Everglades advertises the 295cc as a “Family-Friendly Fishing” boat, and that’s evident in the mix of comfy accommodations and fishing features found throughout its deck layout. A pop-up transom bench is available to expand seating in the cockpit, while up forward I found twin individual upholstered chair seats ahead of the console, and a U-shaped upholstered seating area in the bow. Add in the comfy individual chairs behind the helm that can be converted into a leaning post in one step and you’ve got plenty of seating for a mess of folks on an evening cruise or an afternoon of tubing or watersports.
Under the console is a relatively spacious area with a head, washbasin, and a bit of room for rod stowage. You’ll find plenty of space for cool drinks, thanks to the slide-out Yeti cooler, which is mounted on sailboat traveler lead track so you don’t have to drag it across the deck to get it out. Push it back in and it locks securely into place.
Let’s face it; if you buy this boat, the chances are nearly 100 percent that you’re going to fish with it. You are going to fish with it, right? Well, you should. Because the 295cc is fitted to the nines with clever and innovative features to make life easier on you and and a hellish nightmare for fish. Around the deck in various places are 12 flush-mount rod holders, and seven of those are within easy reach in the transom and aft side decks. Additional locking rod stowage is situated forward, in the bow, and there’s even more under the gunwales.
Live bait fishermen might find the single 34-gallon transom-mounted livewell a bit on the small side. The Cobia 296, for example, has twin 28-gallon livewells. Fish stowage is excellent, with an insulated 66-gallon fish box aft with macerated overboard drainage, and a 105-gallon fish box up forward that’s insulated and plumbed the same way. A clever rigging station is situated aft of the helm seats with a fresh water washdown, a sink, and cutting board. Tackle drawers are located behind latched doors on either side of it.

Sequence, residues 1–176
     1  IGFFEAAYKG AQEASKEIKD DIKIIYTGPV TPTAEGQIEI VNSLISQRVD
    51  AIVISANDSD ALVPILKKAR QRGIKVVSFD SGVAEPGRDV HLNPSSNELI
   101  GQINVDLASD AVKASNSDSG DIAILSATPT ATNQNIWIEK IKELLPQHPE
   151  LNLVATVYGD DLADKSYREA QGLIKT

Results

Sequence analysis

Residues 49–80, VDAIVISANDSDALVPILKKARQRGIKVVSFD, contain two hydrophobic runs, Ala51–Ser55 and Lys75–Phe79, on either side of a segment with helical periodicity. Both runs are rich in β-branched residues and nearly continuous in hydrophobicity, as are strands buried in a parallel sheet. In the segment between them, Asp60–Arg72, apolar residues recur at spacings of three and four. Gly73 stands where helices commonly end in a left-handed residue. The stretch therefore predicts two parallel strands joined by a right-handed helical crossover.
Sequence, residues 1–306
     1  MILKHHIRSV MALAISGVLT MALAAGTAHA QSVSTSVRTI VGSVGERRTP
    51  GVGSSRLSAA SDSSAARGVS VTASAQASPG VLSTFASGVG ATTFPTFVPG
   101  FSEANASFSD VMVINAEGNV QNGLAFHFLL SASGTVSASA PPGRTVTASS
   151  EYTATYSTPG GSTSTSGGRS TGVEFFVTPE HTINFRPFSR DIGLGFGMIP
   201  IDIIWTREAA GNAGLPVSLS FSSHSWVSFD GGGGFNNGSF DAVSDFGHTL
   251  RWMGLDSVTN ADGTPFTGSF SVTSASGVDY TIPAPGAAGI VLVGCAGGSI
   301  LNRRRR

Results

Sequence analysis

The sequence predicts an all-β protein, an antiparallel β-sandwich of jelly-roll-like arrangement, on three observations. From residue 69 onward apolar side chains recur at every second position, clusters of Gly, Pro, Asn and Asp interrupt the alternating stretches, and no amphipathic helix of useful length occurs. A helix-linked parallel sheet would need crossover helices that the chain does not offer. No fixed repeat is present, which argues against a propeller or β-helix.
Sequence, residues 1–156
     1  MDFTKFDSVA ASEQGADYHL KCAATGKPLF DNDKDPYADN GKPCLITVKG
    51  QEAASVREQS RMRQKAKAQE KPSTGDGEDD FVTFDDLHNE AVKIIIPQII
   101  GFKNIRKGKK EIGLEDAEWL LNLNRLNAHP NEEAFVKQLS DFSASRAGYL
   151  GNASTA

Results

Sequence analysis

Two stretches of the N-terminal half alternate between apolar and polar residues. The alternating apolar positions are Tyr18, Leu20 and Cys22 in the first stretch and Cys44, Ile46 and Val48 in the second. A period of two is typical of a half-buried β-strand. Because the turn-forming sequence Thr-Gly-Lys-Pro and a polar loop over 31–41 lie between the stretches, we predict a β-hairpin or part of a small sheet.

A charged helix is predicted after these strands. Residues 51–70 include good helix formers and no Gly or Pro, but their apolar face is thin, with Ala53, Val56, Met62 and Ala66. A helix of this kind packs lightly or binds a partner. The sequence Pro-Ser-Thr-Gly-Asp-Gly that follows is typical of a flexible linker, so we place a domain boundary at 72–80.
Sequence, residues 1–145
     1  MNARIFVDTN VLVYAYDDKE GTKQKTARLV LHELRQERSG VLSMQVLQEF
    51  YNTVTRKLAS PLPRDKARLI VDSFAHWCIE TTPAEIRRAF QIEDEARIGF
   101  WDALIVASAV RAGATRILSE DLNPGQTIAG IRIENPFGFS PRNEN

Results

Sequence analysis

But the best fishing feature on this boat? No question: it’s the port-side opening gunwale door that swings in for boating big fish. Sure, most people would call this a dive-door but on the Everglades, this is where you'll drag in the tuna. You won’t find a door like this on the Regulator 28 or the Cobia 296 (or most other boats of this size and type, for that matter). Now I know you’re thinking this isn’t such a big deal, but try pulling in a 150-pound bluefin through the tiny transom walk-throughs most of these boats have. Not easy. While it’s an option on the 295cc, it’s awfully nice for those who want one. I wouldn’t buy the boat without it. You shouldn’t, either.
The next thing to consider is getting out to the fish, and this boat can do it, in spades. My test boat was tipped with twin Yamaha F300 four-stroke outboards with an all-white treatment that gave the 295cc an added bit of slickness. Good looks aside, the F300 is one of the nicest six-cylinder outboards out there: quiet, smooth, efficient, and packing a lot of punch. Two of them are a nice match for this boat.
The maximum power for the 295cc is twin Yamaha F350 outboards, if you’re insane. OK, wait; let me reword that. If you want to blow into the realm of 60 mph speeds, a pair of Yamaha F350 outboards are an option. That said, I think most owners would regret the overall increased fuel consumption at normal operating speeds, when compared to efficiency of the twin F300 setup.
|Test conditions: calm seas, winds of 5 knots, 2 POB. Performance data courtesy of Yamaha.|
|Power||Twin Yamaha F300 four-stroke outboards, swinging 15.25" x 19" three-bladed stainless-steel props.|